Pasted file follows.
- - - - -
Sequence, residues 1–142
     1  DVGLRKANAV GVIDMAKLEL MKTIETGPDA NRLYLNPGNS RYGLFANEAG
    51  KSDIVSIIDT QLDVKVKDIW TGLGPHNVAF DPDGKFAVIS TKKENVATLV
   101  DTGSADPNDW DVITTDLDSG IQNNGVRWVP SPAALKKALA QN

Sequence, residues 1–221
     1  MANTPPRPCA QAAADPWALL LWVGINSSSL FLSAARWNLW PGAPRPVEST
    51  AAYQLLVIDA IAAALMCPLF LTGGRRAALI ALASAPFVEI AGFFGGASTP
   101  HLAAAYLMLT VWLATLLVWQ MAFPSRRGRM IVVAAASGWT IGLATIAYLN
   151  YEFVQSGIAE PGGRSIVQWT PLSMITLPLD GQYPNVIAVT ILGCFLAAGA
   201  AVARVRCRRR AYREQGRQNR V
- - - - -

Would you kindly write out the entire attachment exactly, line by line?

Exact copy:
Sequence, residues 1–142
     1  DVGLRKANAV GVIDMAKLEL MKTIETGPDA NRLYLNPGNS RYGLFANEAG
    51  KSDIVSIIDT QLDVKVKDIW TGLGPHNVAF DPDGKFAVIS TKKENVATLV
   101  DTGSADPNDW DVITTDLDSG IQNNGVRWVP SPAALKKALA QN

Sequence, residues 1–221
     1  MANTPPRPCA QAAADPWALL LWVGINSSSL FLSAARWNLW PGAPRPVEST
    51  AAYQLLVIDA IAAALMCPLF LTGGRRAALI ALASAPFVEI AGFFGGASTP
   101  HLAAAYLMLT VWLATLLVWQ MAFPSRRGRM IVVAAASGWT IGLATIAYLN
   151  YEFVQSGIAE PGGRSIVQWT PLSMITLPLD GQYPNVIAVT ILGCFLAAGA
   201  AVARVRCRRR AYREQGRQNR V